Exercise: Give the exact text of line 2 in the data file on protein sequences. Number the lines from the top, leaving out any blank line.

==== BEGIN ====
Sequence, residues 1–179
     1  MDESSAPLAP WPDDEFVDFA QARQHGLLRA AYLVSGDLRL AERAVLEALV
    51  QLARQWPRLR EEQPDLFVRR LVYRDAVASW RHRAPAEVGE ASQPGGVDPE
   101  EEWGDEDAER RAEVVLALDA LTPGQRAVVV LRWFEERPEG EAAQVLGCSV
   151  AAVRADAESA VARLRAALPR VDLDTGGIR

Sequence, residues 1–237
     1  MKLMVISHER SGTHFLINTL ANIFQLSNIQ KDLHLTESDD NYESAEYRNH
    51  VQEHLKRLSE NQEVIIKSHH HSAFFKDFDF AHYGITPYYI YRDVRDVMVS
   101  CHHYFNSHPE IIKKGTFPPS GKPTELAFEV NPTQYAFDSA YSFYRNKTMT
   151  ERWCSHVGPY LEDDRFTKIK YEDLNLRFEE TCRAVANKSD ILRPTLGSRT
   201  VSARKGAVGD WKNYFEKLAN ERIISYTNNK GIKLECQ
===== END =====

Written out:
     1  MDESSAPLAP WPDDEFVDFA QARQHGLLRA AYLVSGDLRL AERAVLEALV